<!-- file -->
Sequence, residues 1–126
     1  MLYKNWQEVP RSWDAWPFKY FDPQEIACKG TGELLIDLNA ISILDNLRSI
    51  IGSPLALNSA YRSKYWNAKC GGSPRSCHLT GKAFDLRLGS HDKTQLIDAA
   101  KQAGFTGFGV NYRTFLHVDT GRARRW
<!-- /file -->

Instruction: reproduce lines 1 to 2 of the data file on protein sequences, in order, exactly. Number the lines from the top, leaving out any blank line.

Sequence, residues 1–126
     1  MLYKNWQEVP RSWDAWPFKY FDPQEIACKG TGELLIDLNA ISILDNLRSI